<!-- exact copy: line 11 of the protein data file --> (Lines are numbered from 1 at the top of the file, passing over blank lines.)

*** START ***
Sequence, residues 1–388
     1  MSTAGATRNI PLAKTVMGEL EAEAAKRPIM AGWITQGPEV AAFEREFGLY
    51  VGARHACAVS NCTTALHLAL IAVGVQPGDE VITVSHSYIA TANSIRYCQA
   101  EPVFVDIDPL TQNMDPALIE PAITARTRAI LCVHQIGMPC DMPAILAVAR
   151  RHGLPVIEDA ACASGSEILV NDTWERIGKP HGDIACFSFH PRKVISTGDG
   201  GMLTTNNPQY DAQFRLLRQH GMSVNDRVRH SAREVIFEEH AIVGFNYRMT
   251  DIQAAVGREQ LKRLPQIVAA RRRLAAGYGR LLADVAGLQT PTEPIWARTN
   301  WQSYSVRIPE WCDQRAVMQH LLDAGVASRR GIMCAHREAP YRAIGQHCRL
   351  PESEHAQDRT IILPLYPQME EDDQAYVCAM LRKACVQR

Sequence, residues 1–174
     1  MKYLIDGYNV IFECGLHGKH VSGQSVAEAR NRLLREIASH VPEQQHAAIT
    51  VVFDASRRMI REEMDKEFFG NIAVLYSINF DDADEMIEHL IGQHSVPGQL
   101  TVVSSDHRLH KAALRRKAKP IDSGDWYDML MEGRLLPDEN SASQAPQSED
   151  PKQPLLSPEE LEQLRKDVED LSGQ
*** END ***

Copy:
     1  MKYLIDGYNV IFECGLHGKH VSGQSVAEAR NRLLREIASH VPEQQHAAIT